The Adventures of Tom Sawyer by Mark Twain is an 1876 novel about an imaginative and mischievous boy young boy named Tom Sawyer. Tom lives with his Aunt Polly and his half-brother, Sid. Tom Sawyer and his pal Huckleberry Finn have great adventures on the Mississippi River, pretending to be pirates, attending their own funeral, and witnessing a murder.
Mark Twain was born Samuel Langhorne Clemens in the small town of Florida, Missouri on November 30, 1835.
He left school when he was twelve after the death of his father. He put his hand to a variety of occupations such as printer, journalist, travel writer and publisher. After piloting river steamers along the Mississippi for four years, he began writing humorous short stories for newspapers.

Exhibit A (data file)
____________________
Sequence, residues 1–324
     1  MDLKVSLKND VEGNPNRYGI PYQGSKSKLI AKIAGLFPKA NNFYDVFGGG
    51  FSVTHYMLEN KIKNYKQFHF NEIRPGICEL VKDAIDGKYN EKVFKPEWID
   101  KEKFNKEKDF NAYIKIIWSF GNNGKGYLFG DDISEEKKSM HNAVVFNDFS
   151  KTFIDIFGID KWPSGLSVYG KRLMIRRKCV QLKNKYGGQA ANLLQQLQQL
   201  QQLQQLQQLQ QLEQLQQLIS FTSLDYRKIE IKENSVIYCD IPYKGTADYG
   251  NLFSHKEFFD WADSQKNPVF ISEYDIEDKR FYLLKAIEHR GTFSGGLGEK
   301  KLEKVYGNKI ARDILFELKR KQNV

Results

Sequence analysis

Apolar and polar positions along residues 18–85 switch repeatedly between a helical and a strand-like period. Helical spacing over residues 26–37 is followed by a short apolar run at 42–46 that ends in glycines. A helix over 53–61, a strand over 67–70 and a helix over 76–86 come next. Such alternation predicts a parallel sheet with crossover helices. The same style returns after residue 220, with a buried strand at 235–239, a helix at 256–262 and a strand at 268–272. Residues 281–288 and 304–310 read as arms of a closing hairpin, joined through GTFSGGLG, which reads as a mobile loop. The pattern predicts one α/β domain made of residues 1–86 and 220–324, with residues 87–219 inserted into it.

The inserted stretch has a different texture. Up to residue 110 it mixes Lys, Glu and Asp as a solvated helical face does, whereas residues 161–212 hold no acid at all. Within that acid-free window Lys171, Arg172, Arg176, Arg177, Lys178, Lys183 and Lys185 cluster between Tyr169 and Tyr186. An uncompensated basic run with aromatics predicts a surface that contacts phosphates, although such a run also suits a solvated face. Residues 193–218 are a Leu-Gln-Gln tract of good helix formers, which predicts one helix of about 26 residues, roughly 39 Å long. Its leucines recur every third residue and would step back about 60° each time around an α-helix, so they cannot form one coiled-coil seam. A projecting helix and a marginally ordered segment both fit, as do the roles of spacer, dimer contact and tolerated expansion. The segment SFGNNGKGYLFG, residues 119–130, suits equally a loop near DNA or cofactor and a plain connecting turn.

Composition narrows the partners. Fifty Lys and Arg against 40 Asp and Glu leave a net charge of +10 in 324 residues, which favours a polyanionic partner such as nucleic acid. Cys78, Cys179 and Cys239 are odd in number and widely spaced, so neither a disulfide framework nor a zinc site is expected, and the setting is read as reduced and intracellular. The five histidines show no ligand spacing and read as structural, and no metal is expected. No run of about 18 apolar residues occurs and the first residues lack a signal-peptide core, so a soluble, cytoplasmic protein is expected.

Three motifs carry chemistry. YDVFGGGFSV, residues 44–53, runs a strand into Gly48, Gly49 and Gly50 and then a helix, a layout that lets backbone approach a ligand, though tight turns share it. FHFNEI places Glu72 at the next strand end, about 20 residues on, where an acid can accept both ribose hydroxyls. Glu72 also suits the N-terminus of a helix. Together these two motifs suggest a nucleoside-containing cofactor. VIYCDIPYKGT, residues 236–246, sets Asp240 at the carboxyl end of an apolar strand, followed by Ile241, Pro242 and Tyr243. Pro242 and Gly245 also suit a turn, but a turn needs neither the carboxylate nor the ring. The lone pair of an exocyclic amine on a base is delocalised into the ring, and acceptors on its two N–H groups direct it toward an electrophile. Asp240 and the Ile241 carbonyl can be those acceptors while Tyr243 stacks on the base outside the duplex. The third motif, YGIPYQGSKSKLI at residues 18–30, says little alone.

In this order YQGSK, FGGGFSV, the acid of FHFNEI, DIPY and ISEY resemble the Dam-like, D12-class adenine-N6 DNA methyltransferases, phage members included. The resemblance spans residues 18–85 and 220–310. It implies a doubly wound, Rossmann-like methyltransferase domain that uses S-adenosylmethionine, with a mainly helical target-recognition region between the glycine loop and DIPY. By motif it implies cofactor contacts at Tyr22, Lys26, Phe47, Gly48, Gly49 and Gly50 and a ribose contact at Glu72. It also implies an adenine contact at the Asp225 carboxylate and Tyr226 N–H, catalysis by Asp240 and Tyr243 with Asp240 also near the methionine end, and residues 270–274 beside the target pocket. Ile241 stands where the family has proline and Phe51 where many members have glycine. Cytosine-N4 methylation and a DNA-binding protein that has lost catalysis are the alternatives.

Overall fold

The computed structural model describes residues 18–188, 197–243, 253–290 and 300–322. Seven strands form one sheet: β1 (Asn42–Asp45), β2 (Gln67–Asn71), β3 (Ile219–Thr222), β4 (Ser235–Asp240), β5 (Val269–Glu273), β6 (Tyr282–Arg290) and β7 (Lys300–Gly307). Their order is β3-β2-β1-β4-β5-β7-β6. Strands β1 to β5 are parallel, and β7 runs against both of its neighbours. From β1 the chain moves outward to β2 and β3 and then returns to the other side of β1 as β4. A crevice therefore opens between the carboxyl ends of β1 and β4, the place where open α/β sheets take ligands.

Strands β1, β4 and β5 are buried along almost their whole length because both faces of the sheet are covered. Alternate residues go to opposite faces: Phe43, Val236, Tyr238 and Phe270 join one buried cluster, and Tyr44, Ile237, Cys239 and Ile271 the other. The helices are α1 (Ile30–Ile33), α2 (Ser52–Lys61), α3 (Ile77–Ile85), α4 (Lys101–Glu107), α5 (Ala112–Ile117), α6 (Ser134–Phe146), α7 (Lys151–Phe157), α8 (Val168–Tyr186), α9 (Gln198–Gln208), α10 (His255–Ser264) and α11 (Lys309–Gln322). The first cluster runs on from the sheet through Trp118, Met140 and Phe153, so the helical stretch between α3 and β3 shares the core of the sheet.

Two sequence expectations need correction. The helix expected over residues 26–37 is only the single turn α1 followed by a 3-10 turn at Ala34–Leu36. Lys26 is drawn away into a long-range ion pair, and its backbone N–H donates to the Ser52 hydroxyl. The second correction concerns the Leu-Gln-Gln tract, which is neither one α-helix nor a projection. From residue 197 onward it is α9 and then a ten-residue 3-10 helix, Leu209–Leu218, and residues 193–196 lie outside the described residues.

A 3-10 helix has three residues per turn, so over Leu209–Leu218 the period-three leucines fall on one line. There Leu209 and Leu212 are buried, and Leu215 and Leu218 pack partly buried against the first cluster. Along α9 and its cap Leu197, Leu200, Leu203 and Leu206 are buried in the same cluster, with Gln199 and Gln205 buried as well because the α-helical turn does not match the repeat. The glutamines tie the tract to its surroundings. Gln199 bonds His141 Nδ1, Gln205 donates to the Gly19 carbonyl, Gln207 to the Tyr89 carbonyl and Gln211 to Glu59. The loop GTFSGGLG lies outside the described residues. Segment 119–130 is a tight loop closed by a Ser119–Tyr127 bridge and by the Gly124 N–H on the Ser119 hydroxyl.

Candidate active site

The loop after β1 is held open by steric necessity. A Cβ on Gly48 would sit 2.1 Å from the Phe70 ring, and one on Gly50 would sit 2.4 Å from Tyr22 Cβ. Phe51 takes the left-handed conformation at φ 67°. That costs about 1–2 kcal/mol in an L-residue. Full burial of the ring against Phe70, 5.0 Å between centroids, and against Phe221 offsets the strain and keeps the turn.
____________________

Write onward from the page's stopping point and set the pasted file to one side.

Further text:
The Adventures of Tom Sawyer written in 1876, was Twain's first full-length novel. He made fortunes from his writing, but towards the end of his life, he had to undertake lecture tours to pay off debts. He died in Connecticut in 1910 and left behind him a unique legacy—a true and nostalgic picture of American life and spirit in a simpler bygone age.
He was a great story teller and the relationship he establishes with his readers have helped to make him perhaps the most widely read of all American authors.